The Federal Government’s proposal to tax super funds with more than $1million, will lull future retirees into a false sense of what constitutes a comfortable retirement, says Ken Raiss, director at business tax accounting and wealth advisory group Chan & Naylor.
He says that for a married couple with 30 years of retirement ahead of them, $1m isn’t that much. After factoring in expenditures such as medical and aged care costs and inflation, it actually looks “worryingly inadequate”, he says.
Aside from Australians’ current life expectancy forecast to continue growing, the other overlooked issue is that year on year average inflation growth of 3% will irrevocably increase the cost of living and conversely decrease the value of today’s money. Therefore according to Chan & Naylor’s forecast the equivalent value of a $1m pension fund in today’s currency will be need to be at least $2.5m 30 years from now.
Raiss says that although $1m is the benchmark for superannuation, even high-income earners struggle to save this much, and advisers aren’t making it clear enough to clients how much they will actually need. Regulation is making it more difficult for advisers to enter the realm of specialist advice because they’re afraid of litigation, says Raiss.
“I think there are very few financial advisers who are actually retirement advisers; who take a holistic view of a person’s special circumstances…so a majority do not make it clear of what people need and how to go about it. It’s a field that really hasn’t been put under the microscope or spotlight,” he says.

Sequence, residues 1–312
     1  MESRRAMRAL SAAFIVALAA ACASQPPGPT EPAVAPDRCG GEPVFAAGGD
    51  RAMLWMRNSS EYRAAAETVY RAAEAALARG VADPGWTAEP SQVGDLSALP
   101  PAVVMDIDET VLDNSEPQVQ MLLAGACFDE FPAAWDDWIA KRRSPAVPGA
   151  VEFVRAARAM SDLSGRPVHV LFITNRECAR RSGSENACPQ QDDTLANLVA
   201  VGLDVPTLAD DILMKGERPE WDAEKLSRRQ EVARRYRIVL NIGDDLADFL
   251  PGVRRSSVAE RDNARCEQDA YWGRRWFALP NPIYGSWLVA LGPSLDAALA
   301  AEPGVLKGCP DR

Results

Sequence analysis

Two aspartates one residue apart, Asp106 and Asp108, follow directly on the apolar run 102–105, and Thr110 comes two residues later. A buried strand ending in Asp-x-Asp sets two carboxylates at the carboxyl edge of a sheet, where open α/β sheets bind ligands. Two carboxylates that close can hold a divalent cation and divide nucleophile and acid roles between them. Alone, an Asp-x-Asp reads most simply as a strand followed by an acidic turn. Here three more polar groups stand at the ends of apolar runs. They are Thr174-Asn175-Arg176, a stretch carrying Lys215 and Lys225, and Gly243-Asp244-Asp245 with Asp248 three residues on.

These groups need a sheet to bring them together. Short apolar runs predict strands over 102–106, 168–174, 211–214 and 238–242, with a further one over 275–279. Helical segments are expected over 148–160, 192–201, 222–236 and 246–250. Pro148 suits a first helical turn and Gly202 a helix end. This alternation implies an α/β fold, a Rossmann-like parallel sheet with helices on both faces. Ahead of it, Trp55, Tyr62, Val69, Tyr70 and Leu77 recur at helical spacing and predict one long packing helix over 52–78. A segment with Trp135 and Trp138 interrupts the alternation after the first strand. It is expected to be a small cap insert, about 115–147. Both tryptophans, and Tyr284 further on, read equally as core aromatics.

In order to get Australians to their superannuation goals, Raiss says a holistic approach by advisers is fundamental, as well as better education. A lot of people are so unsure they’re putting money into bank accounts at 3%. There’s no education to allow those people to understand they need to increase their cap base. But he says a bit of tough love will be required in making it clear that not everyone will achieve their financial goals.
“It’s hard for the average working Australian today to picture themselves in their parent’s shoes, but to build the necessary funds required for a full 30 years or more of independent retirement income, maximum preparation will be required. In simple terms Australians are going to need more retirement income and the Government of the day is doing surprisingly little to help,” argues Raiss.
He believes the myriad of ever changing rules and limited concession opportunities, particularly those associated with the SMSF sector, means that many people are shunning investing in their super and instead putting their money into more risky investments or simply spending it.